When not recognized, ADHD frequently leads to frustration, underachievement and forgotten dreams. ADHD can lead to low self esteem and under use of potential. It can lead to underemployment, substance abuse and failed relationships. But this doesn’t have to be the case. What we often don’t think of, or don’t realize, when we think about people with ADHD is that they are often the brightest amongst us.
They tend to come up with the most and best ideas when brainstorming, they are likely to volunteer for the new project that nobody else will dare to. People with ADHD often thrive in situation where they have many things going on at one time…they rule the multitask world. Some of our countries greatest thinkers have many ADHD traits. Think of Benjamin Franklin, Thomas Edison and Albert Einstein. Edison was kicked out of school because his teachers thought he was a slow learner, would not pay attention and could not sit still.
Many people with this disease are very smart. They are extremely creative, out of the box thinkers. They understand subjects on a different level than their peers. Their brain jumps from one idea to the next so they are often awesome brainstormers, negotiators and problem solvers. But they do learn differently and that is not always acceptable in the mainstream.
A child suffering from this disease often grows up into an ADHD adult. By adulthood the ADHD adult has usually learned many strategies to help them compensate for some of the things they have trouble with. The attention, impulsivity and activity issues are still there but frequently show up in other ways.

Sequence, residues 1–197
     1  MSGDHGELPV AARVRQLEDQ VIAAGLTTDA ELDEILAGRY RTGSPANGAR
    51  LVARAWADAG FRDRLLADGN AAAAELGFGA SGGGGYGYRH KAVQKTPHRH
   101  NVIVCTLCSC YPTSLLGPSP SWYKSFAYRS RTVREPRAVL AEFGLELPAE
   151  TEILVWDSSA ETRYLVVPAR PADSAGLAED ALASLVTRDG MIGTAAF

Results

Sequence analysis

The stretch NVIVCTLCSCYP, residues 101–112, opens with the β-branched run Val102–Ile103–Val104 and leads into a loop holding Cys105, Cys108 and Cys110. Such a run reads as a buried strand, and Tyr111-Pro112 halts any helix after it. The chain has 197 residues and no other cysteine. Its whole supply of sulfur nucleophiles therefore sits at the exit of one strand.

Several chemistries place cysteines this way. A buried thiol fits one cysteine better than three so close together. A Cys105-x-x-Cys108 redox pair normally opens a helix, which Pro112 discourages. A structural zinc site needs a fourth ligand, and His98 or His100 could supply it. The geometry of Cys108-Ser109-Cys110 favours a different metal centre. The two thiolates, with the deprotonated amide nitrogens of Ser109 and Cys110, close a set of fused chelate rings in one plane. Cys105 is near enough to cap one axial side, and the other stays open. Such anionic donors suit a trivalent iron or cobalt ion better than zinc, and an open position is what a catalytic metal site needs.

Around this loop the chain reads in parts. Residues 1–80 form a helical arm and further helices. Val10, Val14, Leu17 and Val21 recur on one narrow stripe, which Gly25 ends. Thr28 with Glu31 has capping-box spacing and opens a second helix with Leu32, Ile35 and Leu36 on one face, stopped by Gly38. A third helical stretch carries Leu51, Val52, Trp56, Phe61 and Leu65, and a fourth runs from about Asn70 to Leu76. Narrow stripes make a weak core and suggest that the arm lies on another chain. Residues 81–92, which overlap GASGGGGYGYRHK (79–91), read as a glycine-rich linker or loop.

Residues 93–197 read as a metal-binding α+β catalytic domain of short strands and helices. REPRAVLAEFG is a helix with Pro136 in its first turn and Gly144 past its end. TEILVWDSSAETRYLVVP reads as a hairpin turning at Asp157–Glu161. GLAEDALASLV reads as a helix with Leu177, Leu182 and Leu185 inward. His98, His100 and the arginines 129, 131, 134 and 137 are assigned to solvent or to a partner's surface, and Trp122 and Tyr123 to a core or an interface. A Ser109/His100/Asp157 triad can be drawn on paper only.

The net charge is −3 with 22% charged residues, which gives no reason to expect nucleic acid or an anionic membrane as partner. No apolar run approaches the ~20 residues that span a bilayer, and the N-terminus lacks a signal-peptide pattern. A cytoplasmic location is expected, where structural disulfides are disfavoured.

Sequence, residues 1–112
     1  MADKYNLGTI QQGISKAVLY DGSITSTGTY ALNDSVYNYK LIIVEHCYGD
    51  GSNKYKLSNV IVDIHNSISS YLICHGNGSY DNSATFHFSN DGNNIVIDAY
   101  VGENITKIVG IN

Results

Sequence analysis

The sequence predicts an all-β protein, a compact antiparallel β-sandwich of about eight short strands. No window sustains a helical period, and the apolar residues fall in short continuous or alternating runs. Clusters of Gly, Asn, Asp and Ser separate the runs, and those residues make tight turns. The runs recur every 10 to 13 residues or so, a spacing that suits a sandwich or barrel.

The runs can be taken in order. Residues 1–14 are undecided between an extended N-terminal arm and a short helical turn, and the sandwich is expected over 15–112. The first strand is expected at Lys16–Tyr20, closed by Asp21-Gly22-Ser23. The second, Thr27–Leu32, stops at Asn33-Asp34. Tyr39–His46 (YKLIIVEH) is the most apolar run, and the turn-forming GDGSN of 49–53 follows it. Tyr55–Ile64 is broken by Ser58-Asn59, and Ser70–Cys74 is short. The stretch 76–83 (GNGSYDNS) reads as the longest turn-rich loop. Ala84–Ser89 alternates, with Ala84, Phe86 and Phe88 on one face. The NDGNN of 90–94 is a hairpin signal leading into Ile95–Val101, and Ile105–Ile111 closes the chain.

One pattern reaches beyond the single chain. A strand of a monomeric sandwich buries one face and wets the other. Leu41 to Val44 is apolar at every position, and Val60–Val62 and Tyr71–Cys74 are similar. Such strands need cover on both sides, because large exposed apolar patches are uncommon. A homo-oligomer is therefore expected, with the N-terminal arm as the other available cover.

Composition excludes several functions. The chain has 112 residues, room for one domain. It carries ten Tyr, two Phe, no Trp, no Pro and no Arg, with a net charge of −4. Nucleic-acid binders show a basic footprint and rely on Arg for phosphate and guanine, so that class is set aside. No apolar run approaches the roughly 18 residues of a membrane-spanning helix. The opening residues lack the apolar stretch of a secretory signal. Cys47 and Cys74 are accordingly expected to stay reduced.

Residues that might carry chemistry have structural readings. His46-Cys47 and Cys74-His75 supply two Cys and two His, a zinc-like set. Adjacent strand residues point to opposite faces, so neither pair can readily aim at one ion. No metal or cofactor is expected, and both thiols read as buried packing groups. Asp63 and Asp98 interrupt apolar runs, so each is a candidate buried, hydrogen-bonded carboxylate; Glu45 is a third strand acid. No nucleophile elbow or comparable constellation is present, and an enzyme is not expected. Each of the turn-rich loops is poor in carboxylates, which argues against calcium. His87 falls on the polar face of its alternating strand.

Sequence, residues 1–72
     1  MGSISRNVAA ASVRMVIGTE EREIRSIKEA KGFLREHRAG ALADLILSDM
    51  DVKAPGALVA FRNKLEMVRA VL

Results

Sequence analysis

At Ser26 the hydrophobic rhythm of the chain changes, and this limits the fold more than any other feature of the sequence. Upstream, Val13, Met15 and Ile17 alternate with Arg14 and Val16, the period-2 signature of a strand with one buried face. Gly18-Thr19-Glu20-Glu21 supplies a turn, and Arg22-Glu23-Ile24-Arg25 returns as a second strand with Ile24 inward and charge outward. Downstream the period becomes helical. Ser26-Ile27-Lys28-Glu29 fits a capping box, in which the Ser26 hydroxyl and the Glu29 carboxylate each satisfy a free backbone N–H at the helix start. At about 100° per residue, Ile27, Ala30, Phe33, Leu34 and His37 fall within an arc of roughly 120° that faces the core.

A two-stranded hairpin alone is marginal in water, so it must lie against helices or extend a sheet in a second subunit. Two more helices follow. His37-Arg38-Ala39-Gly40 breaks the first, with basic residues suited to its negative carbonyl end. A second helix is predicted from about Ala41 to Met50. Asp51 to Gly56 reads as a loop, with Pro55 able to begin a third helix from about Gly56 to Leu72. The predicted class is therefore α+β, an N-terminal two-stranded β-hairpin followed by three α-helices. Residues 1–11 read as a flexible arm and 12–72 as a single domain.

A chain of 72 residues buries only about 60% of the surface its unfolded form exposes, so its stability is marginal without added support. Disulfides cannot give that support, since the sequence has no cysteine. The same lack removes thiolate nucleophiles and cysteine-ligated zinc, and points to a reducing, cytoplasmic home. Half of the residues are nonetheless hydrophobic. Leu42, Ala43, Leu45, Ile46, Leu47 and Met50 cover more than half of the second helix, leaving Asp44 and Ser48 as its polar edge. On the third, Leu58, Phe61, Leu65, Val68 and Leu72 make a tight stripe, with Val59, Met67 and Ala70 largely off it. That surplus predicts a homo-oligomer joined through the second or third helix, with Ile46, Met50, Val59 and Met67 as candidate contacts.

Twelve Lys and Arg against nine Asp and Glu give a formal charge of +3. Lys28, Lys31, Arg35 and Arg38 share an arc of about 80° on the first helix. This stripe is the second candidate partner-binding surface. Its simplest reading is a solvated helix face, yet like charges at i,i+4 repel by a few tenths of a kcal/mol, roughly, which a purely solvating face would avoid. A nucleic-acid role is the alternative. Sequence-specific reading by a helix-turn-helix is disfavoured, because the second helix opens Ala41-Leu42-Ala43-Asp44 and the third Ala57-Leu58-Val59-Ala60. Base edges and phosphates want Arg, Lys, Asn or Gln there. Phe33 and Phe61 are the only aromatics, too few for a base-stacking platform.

Major characteristics of ADHD in an adult:
- Has difficulty sustaining attention, is easily distracted and fails to give close attention to detail.
- Does not appear to listen.
- Struggles to follow through on instructions or follow rules.
- Has difficulty with organization.
- Avoids or dislikes tasks requiring sustained mental effort.
- Talks excessively and may interrupts or intrudes upon others.
- Procrastination; inability to complete things.
- Has difficulty making decisions.
- Difficulty expressing thoughts in speech or in writing.
- A sense of failure; not living up to one’s potential.
- A sense of being different, unconventional.
- A sense of internal restlessness; constantly active – like being driven by a motor.
- Has trouble falling asleep or waking up alert.
- A sense that their mind is always active; thoughts jump from one topic to the next.
- Easily bored; intense need for excitement.
- Very impatient; low frustration tolerance.
- Difficulty with personal or work relationships.
- Frequently late or rushed.
- Impulsive spending and money management problems.
- Frequently changing jobs, interests or activities.
- Frequently losing or misplacing things.
- Perfectionist tendencies.
It is important to be aware that everyone at some time displays some if not all of the typical characteristics associated with ADHD. The difference is that with ADHD these characteristics are long lasting and control your life. Its symptoms usually arise in early childhood. If you think you may have ADD, then talk to a doctor or therapist specifically trained to recognize this problem.